The Fourth Court of Appeals in San Antonio handed down an opinion this week in Adams v. Murphy Exploration & Production Co.-USA, deciding the meaning of “offset well” as used in an oil and gas lease.
The plaintiffs in the case signed an oil and gas lease to Murphy containing the following provision:
It is hereby specifically agreed and stipulated that in the event a well is completed as a producer of oil and/or gas on land adjacent and contiguous to the leased premises, and within 467 feet of the premises covered by this lease, that Lessee herein is hereby obligated to, within 120 days after the completion date of the well or wells on the adjacent acreage, as follows:
(1) to commence drilling operations on the leased acreage and thereafter continue the drilling of such offf-set well or wells with due diligence3 to a depth adequate to test the same formation from which the well or wells are producing from on the adjacent acreage; or
(2) pay the Lessor royalties as provided for in this lease as if an equivalent amount of production of oil and/or gas were being obtained from the off-set location on these leased premises as that which is being produced from the adjacent well or wells; or
(3) release an amount of acreage sufficient to constitute a spacing unit equivalent in size to the spacing unit that would be allocated under the lease to such well or wells on the adjacent lands, as to the zones or strata producing in such adjacent well.
A horizontal well, the Lucas A #H Well, was drilled on a tract adjacent to the plaintiffs’ tract, parallel to and within 467 feet of the leased premises, thus triggering the obligations provided for in the above provision. Murphy drilled a horizontal well on the plaintiffs’ tract, the Herbst Unit B #1H, completed in the same formation as the Lucas well. But the two wells are separated laterally by approximately 2,100 feet. In fact, Murphy drilled its well as far away from the Lucas Well as it could get and still be on the plaintiffs’ lease.
Murphy contended that its well satisfied the lease requirements for an offset well. Plaintiffs (represented by our firm) sued Murphy to require payment of the in-lieu royalties required by paragraph (2) of the lease clause.
The trial court granted summary judgment for Murphy, and the plaintiffs appealed. The San Antonio Court of Appeals held that “Murphy failed to conclusively prove the Herbst well was protecting the [leased premises] against drainage by the Lucas well, and thus failed to prove as a matter of law that the Herbst well is an offset well,” and that Murphy was therefore not entitled to summary judgment. The case was remanded to the trial court.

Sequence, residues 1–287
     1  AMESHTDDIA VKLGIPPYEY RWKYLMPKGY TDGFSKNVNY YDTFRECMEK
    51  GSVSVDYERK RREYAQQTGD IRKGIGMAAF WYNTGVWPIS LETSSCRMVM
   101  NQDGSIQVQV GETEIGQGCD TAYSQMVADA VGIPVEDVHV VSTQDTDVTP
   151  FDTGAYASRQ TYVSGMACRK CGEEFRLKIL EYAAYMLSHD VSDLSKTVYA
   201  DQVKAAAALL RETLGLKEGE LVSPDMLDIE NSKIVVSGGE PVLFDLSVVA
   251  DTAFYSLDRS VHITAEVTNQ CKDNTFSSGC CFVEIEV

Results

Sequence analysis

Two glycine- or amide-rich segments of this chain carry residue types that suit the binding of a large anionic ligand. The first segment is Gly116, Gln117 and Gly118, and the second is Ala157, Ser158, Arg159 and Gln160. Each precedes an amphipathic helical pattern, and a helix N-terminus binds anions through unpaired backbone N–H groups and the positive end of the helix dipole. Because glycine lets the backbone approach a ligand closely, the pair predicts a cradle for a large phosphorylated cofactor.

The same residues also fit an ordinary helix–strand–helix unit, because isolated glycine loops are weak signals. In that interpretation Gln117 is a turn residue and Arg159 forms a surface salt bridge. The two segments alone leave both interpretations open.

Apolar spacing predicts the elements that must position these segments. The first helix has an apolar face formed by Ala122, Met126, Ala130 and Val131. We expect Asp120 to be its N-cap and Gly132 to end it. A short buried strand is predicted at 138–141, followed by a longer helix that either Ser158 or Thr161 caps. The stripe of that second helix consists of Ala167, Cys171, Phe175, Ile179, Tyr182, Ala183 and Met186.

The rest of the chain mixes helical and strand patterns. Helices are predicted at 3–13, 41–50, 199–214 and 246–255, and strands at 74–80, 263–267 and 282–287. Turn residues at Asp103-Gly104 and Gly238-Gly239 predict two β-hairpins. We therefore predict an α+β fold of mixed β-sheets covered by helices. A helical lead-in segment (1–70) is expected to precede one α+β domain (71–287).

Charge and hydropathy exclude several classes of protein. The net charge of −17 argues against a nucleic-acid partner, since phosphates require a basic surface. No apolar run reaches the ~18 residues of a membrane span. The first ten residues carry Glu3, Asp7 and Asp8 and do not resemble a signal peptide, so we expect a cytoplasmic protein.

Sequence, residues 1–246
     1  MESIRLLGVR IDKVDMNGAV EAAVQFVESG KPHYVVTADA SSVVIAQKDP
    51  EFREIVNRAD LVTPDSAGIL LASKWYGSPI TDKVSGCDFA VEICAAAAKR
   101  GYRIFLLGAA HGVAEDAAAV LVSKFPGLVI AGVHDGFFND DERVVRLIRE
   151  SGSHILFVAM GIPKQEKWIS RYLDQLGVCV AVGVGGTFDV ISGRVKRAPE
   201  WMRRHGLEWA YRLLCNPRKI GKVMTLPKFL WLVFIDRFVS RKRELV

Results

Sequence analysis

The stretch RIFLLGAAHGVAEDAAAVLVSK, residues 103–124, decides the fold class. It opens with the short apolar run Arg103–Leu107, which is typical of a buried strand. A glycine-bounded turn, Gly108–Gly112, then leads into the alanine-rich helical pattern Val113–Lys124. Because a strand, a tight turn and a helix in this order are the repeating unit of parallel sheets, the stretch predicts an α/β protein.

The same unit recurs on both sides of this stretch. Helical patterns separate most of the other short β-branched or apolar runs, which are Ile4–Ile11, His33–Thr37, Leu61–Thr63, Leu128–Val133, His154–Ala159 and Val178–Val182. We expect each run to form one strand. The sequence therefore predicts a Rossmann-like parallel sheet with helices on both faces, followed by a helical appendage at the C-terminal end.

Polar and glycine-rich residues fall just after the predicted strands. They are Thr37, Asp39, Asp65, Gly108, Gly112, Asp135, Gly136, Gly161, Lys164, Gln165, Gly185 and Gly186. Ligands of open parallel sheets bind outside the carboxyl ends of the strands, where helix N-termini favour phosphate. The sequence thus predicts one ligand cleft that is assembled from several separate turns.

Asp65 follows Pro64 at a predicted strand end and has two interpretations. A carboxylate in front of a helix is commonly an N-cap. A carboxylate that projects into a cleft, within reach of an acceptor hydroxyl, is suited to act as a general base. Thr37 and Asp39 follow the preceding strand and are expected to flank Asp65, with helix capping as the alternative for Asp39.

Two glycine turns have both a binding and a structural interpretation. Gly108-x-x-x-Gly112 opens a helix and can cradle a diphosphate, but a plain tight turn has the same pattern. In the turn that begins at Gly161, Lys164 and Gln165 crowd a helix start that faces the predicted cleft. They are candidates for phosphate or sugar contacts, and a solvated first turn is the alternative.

The term “offset well” was not defined in the oil and gas lease. The court quoted the definition of offset well from Martin & Kramer’s Manual of Oil & Gas Lease Terms: a “well drilled on one tract of land to prevent the drainage of oil or gs to an adjoining tract of land, on which a well is being drilled or is already in production.” It also cited cases supporting Martin & Kramer’s definition that an offset well is a well drilled to offset drainage from an owner’s property, to protect the property from drainage. The court concluded that “the commonly understood meaning of offset well is a well used to protect against drainage.” It then held that it was Murphy’s “summary judgment burden … to prove as a matter of law that the Herbst well was an offset well– a well that was protecting the [plaintiffs’ lease] from drainage by the Lucas well.”
The only evidence Murphy introduced in support of its motion for summary judgment was the affidavit of John McBeath, a petroleum engineer with Platt Sparks & Associates. He opined that the term “offset well” “is commonly understood within the industry as describing any well drilled on an adjacent lease or property, and that the Lucas well was an “offset well” within the meaning of the oil and gas lease. The court concluded that McBeath’s affidavit does “not conclusively answer the specific question: whether the Herbst well is an offset well–one that is protecting the [plaintiffs’ lease] against drainage by the Lucas well.” It said that, without that answer, McBeath’s affidavit is “merely speculative or conclusory.” The court reversed and remanded.